Increased Heat Build-Up on Network Cables

R&M explains the new generation of Power over Ethernet (PoE) / Avoiding cable temperature increases / PoE calculator aids network planning / Tips for product selection and installation

Wetzikon, London, September 8, 2015. R&M, the globally active Swiss developer and provider of cabling systems for high-end, powerful network infrastructures, is preparing planners and installers for the introduction of 4-pair Power over Ethernet (4PPoE). The new generation of power supply via local data networks (remote powering) should enable a supply of up to 100 watts, which is four to five times greater than the current rate. The corresponding standard IEEE 802.3bt is currently in progress. 4P PoE allows more powerful terminal equipment to be supplied with energy via network cables. Parallel power cabling is therefore no longer required. However, the twisted-pair copper cables heat up during the supply process, leading to an increase in attenuation. This must be taken into account from the very beginning of a cabling project, which in turn poses new challenges when installing data networks.

In a recently published White Paper, R&M provides information on the physical backgrounds. The document contains practical information for network planners and installers on how to prevent the cables from suffering critical temperature increases, thereby avoiding the resulting loss of power in the structural cabling when using 4-pair Power over Ethernet. The document explains the standardized formulas for calculating the temperature increase in cable bundles:

At the same time, R&M is introducing a specially developed PoE calculator, which takes into account all relevant factors, such as cable types and ambient air temperature. The maximum link length of the cabling and the appropriate cable categories can be determined by entering just a few values into the spreadsheet:

Background: Developmental step forward with Power over Ethernet

For Power over Ethernet (PoE), which was introduced 15 years ago, IEEE 802.3bt represents another step forward: Terminal equipment will be supplied with at least 55 watts, and potentially up to 100 watts, rather than 13 or 22 watts. In future, PoE will need to use all four twisted pairs in the network cabling for this transfer of energy, which is the reason for the name 4-pair Power over Ethernet (4PPoE). The structured cabling systems are therefore not only used to transport data at an Ethernet speed of 10 Gigabits, but numerous powerful IP terminal devices, such as cameras, monitors, wireless access points, and point-of-sale terminals, can also be supplied with energy via the local data network. The trend for an increased use of Power over Ethernet would also support the Internet of Things. Many small sensors and control systems could be run from remote locations in buildings without additional power cabling.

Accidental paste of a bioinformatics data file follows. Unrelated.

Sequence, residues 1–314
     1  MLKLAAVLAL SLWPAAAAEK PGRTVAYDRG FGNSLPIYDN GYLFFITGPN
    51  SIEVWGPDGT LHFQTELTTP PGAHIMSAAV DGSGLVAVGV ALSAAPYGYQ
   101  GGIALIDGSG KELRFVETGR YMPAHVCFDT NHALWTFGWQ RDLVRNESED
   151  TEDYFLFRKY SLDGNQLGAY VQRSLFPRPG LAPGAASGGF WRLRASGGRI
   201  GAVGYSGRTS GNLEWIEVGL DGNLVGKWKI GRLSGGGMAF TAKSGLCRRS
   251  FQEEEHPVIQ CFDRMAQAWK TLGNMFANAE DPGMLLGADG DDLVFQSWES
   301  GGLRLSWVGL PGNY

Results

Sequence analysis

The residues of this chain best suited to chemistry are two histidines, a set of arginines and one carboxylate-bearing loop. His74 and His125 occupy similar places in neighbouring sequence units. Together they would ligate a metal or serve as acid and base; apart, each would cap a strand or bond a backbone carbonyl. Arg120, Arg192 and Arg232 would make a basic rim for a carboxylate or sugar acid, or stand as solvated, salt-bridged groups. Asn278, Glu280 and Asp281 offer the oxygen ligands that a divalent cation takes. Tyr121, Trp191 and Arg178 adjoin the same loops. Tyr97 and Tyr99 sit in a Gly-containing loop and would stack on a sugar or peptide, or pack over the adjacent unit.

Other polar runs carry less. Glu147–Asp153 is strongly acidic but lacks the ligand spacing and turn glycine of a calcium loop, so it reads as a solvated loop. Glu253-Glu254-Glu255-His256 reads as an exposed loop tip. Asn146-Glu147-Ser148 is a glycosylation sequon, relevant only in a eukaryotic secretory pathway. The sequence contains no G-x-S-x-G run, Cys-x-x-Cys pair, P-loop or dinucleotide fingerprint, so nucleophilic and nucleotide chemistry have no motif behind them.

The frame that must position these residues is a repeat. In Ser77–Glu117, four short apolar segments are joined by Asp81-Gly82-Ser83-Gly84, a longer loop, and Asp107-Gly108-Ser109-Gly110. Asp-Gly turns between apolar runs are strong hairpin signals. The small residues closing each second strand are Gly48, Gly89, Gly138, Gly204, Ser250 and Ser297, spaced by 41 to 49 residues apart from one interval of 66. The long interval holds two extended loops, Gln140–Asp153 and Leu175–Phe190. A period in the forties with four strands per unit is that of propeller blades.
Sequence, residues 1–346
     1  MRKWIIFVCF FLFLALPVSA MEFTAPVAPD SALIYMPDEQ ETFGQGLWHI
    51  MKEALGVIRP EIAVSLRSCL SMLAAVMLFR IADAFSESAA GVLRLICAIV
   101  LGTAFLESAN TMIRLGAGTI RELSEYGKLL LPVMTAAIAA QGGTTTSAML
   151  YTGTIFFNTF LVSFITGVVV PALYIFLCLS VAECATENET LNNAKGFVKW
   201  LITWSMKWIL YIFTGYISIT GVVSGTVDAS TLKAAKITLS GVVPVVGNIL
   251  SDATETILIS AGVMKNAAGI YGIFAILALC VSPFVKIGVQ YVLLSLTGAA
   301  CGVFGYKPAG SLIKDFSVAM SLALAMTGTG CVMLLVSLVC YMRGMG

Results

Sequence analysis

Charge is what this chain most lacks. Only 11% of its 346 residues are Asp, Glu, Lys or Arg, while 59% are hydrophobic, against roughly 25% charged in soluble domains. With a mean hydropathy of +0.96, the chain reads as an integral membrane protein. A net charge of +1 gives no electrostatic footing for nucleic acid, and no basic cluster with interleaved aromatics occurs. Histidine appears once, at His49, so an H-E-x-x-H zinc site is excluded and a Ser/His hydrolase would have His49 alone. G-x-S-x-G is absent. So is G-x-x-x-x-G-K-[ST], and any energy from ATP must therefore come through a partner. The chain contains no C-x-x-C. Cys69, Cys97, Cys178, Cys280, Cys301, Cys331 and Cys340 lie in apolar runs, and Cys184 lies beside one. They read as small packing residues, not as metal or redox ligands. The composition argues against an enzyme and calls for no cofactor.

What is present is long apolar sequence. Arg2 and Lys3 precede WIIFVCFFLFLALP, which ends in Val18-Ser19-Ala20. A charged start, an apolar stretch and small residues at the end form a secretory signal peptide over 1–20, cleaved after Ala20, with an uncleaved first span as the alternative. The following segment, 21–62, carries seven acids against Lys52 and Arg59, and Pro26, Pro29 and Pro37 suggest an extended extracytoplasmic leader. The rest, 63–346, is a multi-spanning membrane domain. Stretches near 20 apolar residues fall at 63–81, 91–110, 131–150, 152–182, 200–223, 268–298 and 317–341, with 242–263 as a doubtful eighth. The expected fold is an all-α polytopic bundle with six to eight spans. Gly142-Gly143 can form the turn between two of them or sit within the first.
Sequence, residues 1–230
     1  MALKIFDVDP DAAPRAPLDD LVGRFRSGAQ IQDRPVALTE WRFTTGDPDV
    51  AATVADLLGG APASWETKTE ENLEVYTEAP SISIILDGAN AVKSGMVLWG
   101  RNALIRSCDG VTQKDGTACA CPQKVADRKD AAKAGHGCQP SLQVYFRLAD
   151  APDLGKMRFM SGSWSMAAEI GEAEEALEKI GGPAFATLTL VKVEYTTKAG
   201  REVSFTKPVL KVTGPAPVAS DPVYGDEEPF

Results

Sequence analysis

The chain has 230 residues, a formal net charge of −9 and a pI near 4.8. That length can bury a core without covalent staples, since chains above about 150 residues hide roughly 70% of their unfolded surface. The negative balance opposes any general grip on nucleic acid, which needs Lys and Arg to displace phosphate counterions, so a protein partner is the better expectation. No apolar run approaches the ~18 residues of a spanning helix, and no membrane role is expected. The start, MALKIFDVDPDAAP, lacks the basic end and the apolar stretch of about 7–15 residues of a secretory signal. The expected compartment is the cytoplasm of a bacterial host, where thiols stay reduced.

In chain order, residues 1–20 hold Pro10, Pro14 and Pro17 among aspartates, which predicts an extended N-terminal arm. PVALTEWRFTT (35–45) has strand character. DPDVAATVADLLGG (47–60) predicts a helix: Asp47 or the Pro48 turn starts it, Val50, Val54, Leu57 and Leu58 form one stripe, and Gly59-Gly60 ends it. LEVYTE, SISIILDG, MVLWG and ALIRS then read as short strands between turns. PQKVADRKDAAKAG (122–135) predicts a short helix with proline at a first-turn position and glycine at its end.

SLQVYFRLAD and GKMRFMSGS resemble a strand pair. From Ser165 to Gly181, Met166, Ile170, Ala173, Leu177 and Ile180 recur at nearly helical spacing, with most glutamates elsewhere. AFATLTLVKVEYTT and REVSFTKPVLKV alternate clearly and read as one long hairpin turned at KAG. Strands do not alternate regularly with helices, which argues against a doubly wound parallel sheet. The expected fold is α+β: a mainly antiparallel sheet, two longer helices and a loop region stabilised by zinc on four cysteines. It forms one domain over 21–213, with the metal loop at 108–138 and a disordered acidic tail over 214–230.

A consequence of using 4PPoE is that every twisted pair in the network cabling has a current of between 650 and 1100 mA, depending on its power. This is a significant increase in load compared to pure data transfer. Due to physical losses, the cables and cable bundles heat up as a result of the energy transfer. According to R&M, a long-term temperature increase of 10ºC can halve the expected service life of the cable, due to the increased aging of the material. This temperature increase must also be limited for fire and occupational safety reasons. Higher temperatures increase the copper resistance and the attenuation of the signal transmission, which reduces the potential length of a link. The cable temperature increases resulting from the energy transfer can increase the attenuation of a cable to such an extent that data transmission becomes impossible.

It is therefore important to factor in these temperature increases when planning a cabling project. R&M advises that thick cable bundles and heat build-up in cable channels be avoided. It is recommended that larger conductor cross sections and/or shielded cables be used for longer cabling links, as they do not suffer such significant temperature increases. Alternatively, the distances (link lengths) can be reduced.

R&M also advises the use of modules and plugs with insulation displacement technology; this technology creates stable connections between the cables and connecting contacts that are similar to soldering joints. The widely distributed piercing technology penetrates only the insulation of the copper cables and creates a loose contact, which with live connections may in the worst case cause a fire.

Another problem may arise when using Power over Ethernet if contacts are damaged by small arcs when disconnecting while live. When the contact breaks, a spark is created that at high transmission powers can destroy part of the contact. If this happens in the contact area of the connection, the transmission properties may be permanently impaired. R&M recommends the use of plug connectors and connection modules that are designed to ensure a sufficient distance between the breaking point and the nominal contact area.


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